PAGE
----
Greg Wyshynski: The Lightning’s core remains intact for this season, which means the potential for a three-peat is closer to probability than possibility. There isn’t another team in the league that boasts six players with the abilities and accomplishments of Nikita Kucherov, Steven Stamkos, Brayden Point, Victor Hedman, Ryan McDonagh and Andrei Vasilevskiy. But to win No. 3, the Lightning need three things to happen. The first is to continue to play to their identity in the postseason. Tampa figured out how to win in the playoffs by fundamentally understanding that defense paves the path to the Cup. The second, related to that, is a healthy Vasilevskiy, who has a streak of five straight elimination games with a shutout. They can absorb other losses in the lineup, but not that one. Finally, more so than finding another version of their checking line — which is something that frankly can’t be recreated — they need to have those moments when someone outside the core scores a critical goal. The lone goal in Game 7 against the Islanders came from Gourde, now with the Kraken. Coleman scored a critical goal in Game 2 against Montreal. They have players who have similarly stepped up: Pat Maroon had the first goal in their elimination game against Florida and Ross Colton scored big goals in the elimination game against Carolina and the Stanley Cup clinching game against Montreal. But what separates Tampa from the field is that it isn’t reliant on the core to win big games. Well, outside of Vasilevskiy.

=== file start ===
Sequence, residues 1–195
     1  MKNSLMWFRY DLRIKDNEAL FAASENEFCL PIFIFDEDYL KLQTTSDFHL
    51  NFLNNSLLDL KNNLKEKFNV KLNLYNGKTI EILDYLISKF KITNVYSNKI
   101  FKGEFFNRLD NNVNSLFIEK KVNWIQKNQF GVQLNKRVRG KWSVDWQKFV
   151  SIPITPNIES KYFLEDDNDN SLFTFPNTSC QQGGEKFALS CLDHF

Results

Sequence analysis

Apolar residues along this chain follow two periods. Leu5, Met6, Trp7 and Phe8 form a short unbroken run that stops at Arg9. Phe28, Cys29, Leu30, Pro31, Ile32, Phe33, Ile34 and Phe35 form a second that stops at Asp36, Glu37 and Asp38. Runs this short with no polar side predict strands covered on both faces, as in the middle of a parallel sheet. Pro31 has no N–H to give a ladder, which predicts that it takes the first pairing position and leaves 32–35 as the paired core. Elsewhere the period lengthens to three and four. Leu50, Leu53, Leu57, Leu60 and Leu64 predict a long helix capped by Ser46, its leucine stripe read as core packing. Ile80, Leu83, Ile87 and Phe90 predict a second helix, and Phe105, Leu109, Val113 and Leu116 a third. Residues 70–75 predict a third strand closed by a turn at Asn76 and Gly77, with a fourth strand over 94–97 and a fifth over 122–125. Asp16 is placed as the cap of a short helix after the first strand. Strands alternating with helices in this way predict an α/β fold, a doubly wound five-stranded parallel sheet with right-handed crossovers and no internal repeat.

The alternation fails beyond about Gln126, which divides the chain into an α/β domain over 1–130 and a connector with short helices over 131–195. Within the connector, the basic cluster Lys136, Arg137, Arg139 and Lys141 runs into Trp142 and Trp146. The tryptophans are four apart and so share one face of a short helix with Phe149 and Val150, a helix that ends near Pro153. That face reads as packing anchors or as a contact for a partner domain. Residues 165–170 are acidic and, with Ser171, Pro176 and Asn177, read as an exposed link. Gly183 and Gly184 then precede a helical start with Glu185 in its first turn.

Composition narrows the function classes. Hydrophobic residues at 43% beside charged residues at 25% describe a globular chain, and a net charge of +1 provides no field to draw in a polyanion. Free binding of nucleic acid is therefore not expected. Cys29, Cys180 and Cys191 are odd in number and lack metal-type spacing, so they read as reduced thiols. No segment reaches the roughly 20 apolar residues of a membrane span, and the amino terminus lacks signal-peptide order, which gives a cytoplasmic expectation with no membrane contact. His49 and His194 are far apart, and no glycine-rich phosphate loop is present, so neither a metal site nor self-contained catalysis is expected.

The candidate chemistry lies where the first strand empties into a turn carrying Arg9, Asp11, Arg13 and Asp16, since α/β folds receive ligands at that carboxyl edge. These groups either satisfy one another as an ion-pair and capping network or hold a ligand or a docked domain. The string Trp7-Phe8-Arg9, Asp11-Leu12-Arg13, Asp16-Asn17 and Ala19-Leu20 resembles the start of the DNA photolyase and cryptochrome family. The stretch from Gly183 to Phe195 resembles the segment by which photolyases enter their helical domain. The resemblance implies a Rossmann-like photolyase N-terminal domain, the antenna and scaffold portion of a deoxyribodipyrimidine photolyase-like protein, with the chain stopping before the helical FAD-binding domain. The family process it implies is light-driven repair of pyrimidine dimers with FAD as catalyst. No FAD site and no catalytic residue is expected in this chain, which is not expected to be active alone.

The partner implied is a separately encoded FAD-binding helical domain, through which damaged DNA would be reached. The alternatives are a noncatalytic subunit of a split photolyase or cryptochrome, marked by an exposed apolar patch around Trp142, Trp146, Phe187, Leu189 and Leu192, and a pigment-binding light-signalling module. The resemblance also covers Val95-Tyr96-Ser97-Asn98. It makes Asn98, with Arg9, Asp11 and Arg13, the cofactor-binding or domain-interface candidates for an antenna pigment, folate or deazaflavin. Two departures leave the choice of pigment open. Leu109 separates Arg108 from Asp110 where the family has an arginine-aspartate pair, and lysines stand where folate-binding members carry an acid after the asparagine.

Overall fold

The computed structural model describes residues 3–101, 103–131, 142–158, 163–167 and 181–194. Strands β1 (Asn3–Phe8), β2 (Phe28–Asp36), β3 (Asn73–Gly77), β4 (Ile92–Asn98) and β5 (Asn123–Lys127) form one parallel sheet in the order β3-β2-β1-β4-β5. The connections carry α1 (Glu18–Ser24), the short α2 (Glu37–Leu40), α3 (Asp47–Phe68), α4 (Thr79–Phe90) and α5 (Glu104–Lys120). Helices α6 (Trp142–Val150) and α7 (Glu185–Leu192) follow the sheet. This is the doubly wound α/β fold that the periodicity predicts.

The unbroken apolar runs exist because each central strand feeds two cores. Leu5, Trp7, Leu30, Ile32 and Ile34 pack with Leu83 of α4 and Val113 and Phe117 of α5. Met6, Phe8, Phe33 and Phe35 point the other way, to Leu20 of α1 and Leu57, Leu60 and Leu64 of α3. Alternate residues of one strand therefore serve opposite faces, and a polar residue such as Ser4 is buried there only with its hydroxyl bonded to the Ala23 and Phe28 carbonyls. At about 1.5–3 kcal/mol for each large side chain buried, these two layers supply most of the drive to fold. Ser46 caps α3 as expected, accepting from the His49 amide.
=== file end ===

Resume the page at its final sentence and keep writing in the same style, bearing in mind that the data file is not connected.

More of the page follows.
Victoria Matiash: Winning one Stanley Cup is difficult enough, never mind two straight. With so many other quality NHL squads, three in a row feels nearly impossible. But if the Lightning are to have a shot, the additions of agitator Perry and Bellemare will have to make up for the loss of one the best depth lines in recent memory, along with improved play from Colton and Mathieu Joseph. (I also like the blue-line addition of Zach Bogosian.) And the best netminder in the league will have to be his elite (healthy) self when it matters most next spring. The top six will continue to do their bit; it’s the new-look bottom sextet that concerns me.

Arda Ocal: I love the addition of Perry to this team — he was a force on both the Dallas and Montreal Stanley Cup finalist teams. One other thing he will add is the hunger to win the Cup. I’m not saying the players on the Lightning aren’t eager to three-peat, but the other teams around the league are certainly hungry, so adding a player who has been to the dance twice in a row but come up short is a surefire way to remind the room of what’s at stake come playoff time. There is definitely a good chance that the Lightning go far again this season.


How far will the Kraken get in their first season?

Messier: I think the GMs around the league learned a lot from the last expansion draft. Vegas did a great job leveraging the picks and the players that were available to turn themselves into an instant contender. I think the GMs this time around were smarter, which made it a lot more difficult for the Kraken. The bar for an expansion team was set high by the Knights, but it’s a little unfair to expect the Kraken to be able to match that in their first season.